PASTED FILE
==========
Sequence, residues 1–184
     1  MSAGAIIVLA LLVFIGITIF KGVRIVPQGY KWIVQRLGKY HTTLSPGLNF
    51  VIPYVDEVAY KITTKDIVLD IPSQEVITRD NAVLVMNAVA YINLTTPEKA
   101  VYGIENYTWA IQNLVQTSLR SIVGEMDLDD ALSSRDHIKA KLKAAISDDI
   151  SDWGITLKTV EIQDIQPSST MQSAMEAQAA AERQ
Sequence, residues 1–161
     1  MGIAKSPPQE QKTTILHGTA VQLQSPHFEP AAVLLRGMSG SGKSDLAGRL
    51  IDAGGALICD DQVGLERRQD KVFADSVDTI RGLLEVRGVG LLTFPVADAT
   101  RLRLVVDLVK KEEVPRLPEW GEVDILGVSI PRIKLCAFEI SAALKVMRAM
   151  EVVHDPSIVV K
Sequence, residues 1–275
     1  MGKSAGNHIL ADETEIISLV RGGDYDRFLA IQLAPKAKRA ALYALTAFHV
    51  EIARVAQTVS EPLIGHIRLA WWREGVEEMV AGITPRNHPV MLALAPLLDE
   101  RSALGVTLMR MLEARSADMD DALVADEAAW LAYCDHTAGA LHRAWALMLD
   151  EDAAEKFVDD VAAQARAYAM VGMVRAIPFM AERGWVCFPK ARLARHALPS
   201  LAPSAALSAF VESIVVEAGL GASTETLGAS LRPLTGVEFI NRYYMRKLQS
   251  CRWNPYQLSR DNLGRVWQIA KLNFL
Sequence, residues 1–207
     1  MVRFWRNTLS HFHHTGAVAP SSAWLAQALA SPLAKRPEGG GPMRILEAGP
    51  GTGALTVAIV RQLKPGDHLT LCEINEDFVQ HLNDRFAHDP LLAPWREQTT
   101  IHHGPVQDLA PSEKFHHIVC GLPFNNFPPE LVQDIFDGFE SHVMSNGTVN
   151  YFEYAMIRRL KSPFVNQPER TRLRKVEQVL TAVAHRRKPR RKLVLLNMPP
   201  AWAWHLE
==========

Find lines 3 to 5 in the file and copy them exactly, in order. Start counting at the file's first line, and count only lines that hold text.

    51  VIPYVDEVAY KITTKDIVLD IPSQEVITRD NAVLVMNAVA YINLTTPEKA
   101  VYGIENYTWA IQNLVQTSLR SIVGEMDLDD ALSSRDHIKA KLKAAISDDI
   151  SDWGITLKTV EIQDIQPSST MQSAMEAQAA AERQ